What to watch for today
The UK could notch its highest inflation in more than a year. The consumer price index is expected to have risen by 3% in June, driven by higher fuel costs. If inflation exceeds the 3% mark, Bank of England governor Mark Carney will have to write an open letter to chancellor George Osborne explaining why inflation deviated more than one percentage point from the central bank’s 2% target.
The Bank of Canada’s lack of haste to raise rates. New governor Stephen Poloz could signal a longer period of ultra-low interest rates as the economy hasn’t yet seen the lift-off that the central bank has been anticipating since last year.
Political uncertainty in Spain. Prime minister Mariano Rajoy rejected calls for his resignation after his party’s former treasurer testified that Rajoy had accepted bribes. Rajoy is facing increasing pressure from the opposition, media, and even his own People’s Party to step down.
A flurry of earnings from big US companies. Goldman Sachs is expected to report strong profits, as investors look for strength in investment banking and additional upside in trading. Analysts are anticipating weak display advertising revenue (paywall) from Yahoo, as Marissa Mayer’s internet company faces competition and struggles to establish a leading position in the fast-growing mobile area. Coca-Cola’s profits may rise slightly on flat revenue, as poor weather and soft economic conditions dented demand. Johnson & Johnson is expected to report a 7% increase in profits thanks in part to the success of new drugs such as blood-thinner Xarelto.
While you were sleeping
Baidu bought an app store for $1.9 billion. The Chinese internet giant, which has struggled with a new wave of mobile and social media competitors, bought 91 Wireless from part-owner NetDragon Websoft and other shareholders.
Mexican drug boss captured. Notoriously brutal Zetas boss Miguel Angel Trevino “Z-40” Morales, head of Mexico’s most violent drug trafficking cartel, was apprehended by Mexican marines in a major victory for President Enrique Pena Nieto.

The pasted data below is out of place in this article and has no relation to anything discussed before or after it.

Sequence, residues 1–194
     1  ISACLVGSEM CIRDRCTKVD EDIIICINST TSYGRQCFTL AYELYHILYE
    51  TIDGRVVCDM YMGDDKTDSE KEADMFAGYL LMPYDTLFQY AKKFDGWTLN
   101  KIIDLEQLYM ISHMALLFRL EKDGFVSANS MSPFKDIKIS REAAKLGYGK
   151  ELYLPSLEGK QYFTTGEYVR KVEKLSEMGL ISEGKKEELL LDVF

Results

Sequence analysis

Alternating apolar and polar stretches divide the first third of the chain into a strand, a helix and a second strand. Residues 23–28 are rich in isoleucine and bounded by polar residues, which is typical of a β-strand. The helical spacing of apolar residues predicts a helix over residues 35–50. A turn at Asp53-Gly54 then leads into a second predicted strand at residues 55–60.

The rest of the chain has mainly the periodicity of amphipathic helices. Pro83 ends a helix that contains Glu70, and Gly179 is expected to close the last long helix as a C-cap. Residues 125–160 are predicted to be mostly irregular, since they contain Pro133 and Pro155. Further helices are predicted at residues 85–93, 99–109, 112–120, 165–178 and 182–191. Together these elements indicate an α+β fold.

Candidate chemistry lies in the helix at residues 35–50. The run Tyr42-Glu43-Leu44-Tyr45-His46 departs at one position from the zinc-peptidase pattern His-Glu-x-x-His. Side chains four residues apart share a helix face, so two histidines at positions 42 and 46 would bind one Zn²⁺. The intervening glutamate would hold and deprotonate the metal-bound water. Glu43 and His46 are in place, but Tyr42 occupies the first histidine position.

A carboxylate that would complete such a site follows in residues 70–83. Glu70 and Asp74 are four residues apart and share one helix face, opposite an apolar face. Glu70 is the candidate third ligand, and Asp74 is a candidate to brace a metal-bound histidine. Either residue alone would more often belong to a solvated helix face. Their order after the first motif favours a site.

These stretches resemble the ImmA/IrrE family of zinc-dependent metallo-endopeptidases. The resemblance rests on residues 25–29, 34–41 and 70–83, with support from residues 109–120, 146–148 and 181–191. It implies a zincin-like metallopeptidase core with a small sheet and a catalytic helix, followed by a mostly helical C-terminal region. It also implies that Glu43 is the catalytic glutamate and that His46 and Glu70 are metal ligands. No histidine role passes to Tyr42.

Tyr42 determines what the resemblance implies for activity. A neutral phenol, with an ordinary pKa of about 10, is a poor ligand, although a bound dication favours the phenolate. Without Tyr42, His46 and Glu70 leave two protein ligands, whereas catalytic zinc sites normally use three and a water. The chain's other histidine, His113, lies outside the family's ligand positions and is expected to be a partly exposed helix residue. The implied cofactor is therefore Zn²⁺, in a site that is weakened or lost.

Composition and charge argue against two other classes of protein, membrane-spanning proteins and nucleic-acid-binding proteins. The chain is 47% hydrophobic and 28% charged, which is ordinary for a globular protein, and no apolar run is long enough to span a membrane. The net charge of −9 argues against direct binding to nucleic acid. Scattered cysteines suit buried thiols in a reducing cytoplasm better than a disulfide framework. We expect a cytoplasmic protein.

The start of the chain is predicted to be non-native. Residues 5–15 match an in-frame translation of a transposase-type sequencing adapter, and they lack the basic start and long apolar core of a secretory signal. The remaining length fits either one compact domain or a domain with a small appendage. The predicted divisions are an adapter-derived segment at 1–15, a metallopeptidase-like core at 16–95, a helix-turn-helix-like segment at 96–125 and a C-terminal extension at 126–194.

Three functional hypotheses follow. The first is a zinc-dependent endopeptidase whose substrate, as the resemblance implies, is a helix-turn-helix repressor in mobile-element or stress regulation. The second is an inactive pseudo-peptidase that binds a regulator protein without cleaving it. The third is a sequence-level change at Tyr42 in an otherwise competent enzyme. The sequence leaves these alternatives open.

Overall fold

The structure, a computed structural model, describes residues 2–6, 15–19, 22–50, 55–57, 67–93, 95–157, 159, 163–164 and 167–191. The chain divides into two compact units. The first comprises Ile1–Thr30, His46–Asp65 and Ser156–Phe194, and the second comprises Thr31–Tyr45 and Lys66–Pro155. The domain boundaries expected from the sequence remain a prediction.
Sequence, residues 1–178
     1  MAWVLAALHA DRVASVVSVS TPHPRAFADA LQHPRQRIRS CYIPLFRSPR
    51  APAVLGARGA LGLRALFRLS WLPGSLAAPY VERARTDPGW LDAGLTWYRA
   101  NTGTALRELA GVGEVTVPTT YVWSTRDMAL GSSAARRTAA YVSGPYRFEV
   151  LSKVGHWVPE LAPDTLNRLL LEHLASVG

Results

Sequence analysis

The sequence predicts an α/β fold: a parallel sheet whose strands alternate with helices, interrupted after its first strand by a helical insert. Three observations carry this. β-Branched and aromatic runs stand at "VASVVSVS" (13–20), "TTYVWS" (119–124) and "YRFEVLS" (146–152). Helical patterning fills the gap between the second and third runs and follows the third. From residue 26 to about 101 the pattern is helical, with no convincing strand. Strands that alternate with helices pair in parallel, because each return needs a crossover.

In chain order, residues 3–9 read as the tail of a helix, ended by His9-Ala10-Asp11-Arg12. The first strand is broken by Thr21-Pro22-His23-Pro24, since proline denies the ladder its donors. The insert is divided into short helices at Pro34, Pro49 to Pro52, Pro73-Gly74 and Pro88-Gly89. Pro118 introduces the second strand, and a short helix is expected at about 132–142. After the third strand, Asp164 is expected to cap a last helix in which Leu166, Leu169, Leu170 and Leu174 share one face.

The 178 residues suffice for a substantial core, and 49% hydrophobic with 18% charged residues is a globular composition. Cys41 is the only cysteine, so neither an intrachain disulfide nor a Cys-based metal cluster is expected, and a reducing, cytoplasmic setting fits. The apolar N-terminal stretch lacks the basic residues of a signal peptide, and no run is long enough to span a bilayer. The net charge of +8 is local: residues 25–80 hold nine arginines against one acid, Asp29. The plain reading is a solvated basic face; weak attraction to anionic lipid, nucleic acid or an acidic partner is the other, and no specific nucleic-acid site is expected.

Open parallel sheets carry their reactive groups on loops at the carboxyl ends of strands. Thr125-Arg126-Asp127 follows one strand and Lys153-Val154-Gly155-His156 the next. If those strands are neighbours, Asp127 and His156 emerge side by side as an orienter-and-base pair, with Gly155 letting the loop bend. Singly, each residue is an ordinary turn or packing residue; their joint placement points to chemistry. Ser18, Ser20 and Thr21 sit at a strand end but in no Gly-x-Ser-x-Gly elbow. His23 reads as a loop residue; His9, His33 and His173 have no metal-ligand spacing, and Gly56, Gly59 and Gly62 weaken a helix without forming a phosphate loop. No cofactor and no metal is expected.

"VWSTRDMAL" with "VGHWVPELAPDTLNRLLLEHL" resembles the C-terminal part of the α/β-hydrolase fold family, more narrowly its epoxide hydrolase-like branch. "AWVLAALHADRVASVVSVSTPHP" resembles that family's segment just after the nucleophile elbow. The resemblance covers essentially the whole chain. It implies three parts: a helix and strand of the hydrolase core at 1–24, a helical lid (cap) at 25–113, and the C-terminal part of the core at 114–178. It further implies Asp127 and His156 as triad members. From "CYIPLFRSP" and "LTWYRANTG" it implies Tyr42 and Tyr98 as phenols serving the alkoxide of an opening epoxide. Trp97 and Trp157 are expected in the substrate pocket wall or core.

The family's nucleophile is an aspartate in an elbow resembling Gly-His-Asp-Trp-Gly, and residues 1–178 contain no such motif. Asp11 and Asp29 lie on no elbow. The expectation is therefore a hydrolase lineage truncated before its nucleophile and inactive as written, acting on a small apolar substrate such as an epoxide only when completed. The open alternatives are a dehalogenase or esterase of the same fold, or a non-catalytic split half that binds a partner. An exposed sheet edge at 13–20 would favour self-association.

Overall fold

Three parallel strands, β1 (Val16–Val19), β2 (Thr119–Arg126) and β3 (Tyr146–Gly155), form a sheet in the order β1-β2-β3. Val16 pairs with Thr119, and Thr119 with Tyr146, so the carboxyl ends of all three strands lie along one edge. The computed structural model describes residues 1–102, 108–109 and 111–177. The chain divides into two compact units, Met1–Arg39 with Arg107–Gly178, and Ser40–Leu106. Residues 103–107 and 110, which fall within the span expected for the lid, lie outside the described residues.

Details emerge in GlaxoSmithKline’s China bribery probe. Chinese authorities say the drugmaker used travel agencies and consulting firms to funnel 3 billion yuan ($162 million) in illicit payments to doctors and hospitals, and received “sexual kickbacks” in return. Four GSK executives have been detained.
Loblaw bought a pharmacy chain for $12 billion. Canada’s biggest retailer will acquire Shoppers Drug Mart in a cash and stock deal. The acquisition will give Loblaw a foothold in smaller, urban markets and access to the fast-growing health and wellness market.
Citigroup’s profits soared 42%. Increases in trading revenue and loan demand from emerging markets helped push second-quarter profits to $4.2 billion (paywall.) Citi said, however, that emerging markets are growing more slowly than it had initially expected.
Quartz obsession interlude
Gwynn Guilford on why it is a bad idea for foreign investors to buy indexes that track Chinese markets: ”Over the past 20 years, the MSCI China Index—the first index to allow a broad base of foreign investors to buy into the Chinese stock market—has performed dismally compared with the S&P 500 index, as Bloomberg points out. The Hang Seng China Enterprises Index, which tracks Chinese stocks listed on the Hong Kong Exchange and is another avenue for foreigners to invest in China, has also performed poorly.” Read more here.
Matters of debate
American men are the worst free riders at work. Assigning individual responsibilities and reducing the size of teams can help tackle the problem.
An estimated 380 million Arabs derive their income from the shadow economy. Giving them the right to do business and the protection of law is the answer to the growing unrest.
The Middle East beats the West in female tech founders. But that’s not necessarily a good thing—educated women often can’t get jobs elsewhere.
Latvia could destabilize Europe. New laws that will take effect in 2014 could make it the EU’s latest tax haven.
The most expensive home for sale in the US is also the most heavily mortgaged. A Connecticut estate with a $190 million price tag is linked to $120 million in debt.
South Korea’s family-owned conglomerates are becoming even more dominant. Exports by the top 30 chaebols accounted for 82% of South Korea’s GDP in 2012, up from 53% in 2002.
There’s a secret message in the new Wendy’s logo. The US fast-food chain included an homage to “Mom”—unintentionally, it says.
Tyrannosaurus rex wasn’t just a scavenger. Researchers discovered the dinosaur’s tooth in the spine of an animal that survived an attack, which they say proves that the T. rex was a hunter.